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Castles by Ants – Episode 31: Competition Systems and Their Rules

An ongoing series about psychology in the world of sport.

If we are aware of management’s goals, we can start building a successful team along those lines. Every sport has its trends, and when planning for the long term, it is worth reviewing them for at least the past 10 years. On the other hand, building a club or national team requires more than just sports expertise. I have already mentioned international trends, but I would like to emphasise once again that regardless of the sport, there is a clear tendency to take a pass on the more individualistic, selfish characters – the Ruler and Individual — and give much more space and patience for the personality types that are loyal, hard-working, yet not so distinctive — the Expert and Supporter. Of course, I would state for the record here that it really matters what the goal is regarding final results! In addition to being objective, trends also raise interesting points about teambuilding. For example, according to our research, the personality composition of a team is clearly influenced by the particular sport and that sport’s tournament/competition system. What am I talking about, specifically? Let’s look at an example of a club and a national team. In the case of clubs, I think it can be said that the Champions League is one of the most important competitions. But the system of the competition is completely different in football and, for example, basketball. Traditions have remained strong in football, and to this day, the final is played by two teams, after a wearisome, one-year march. But the whole competition starts with group matches and then switches to a direct elimination system. While balanced performance is paramount in group matches, there is no opportunity to correct errors in the knockout system. The players’ form needs to be sharpened for that one match to keep the team moving forward. While in group matches, stable players can come to the forefront — Supporters and Experts — in the knockout system, those who play the main roles are those who can get the most out of themselves in a particular match (or maybe even just a couple of minutes in the case of strikers in football). Rulers are the most capable of this, while Individuals also having a chance. It is no coincidence that most football clubs, while obviously relying on the hard-working, loyal, good-natured team players, can by no means go on without the often lazy and self-interested athletes who deliver like “a bolt from the blue”. Thus, teams can only get to the top with a complex personality roster. But if all four personality types are present on a team, then conflicts are guaranteed. A team can only succeed if they do not try to eliminate conflicts altogether, but instead learn how to manage them!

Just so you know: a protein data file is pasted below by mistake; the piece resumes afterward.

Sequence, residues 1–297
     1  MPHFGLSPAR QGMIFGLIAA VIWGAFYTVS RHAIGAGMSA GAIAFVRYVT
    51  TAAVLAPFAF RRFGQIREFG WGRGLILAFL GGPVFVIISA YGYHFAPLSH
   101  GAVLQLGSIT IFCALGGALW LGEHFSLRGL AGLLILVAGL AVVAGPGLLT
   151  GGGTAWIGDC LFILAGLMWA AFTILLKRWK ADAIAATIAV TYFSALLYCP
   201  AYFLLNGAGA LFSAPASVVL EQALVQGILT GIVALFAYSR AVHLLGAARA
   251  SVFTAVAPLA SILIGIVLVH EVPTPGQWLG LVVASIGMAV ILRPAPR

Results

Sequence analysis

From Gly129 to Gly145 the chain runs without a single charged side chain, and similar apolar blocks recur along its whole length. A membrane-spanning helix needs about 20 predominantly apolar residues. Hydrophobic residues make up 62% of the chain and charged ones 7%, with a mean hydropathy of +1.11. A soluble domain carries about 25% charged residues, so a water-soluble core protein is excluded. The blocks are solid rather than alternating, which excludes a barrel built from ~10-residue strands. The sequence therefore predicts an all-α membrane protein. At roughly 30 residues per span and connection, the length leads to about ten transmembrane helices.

Men’s Handball Champions League 2018-19, Personality distribution of the winning team, Barca Lassa
Men’s Handball Champions League 2018-19, Personality distribution of the winning team, Barca Lassa

Men’s Handball World Cup, 2019 Personality distribution of the winning team, Denmark
Men’s Handball World Cup, 2019 Personality distribution of the winning team, Denmark

European Men’s Handball Championship (2018); Personality distribution of the winning team, Spain
European Men’s Handball Championship (2018); Personality distribution of the winning team, Spain

Personality distribution of the Spanish team without goalkeepers
Personality distribution of the Spanish team without goalkeepers

2016 Rio Olympics, Men’s Handball; Personality distribution of the winning team, Denmark
2016 Rio Olympics, Men’s Handball; Personality distribution of the winning team, Denmark

In the case of club teams in basketball, the situation is already a bit different. Here, a twist has been added to the end of the Champions League called the Final Four. This has given clubs the opportunity to go without the Ruler type. While Ruler players can clearly decide the final victory in a one-match final played on a neutral pitch in football, the basketball Final 4 requires two days of peak performance, which is more typical of Expert players. But whatever the sport, we can clearly say that only heterogeneous teams are able to win in the end.

 


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Castles by Ants – Episode 30: Supporter and Expert Coaches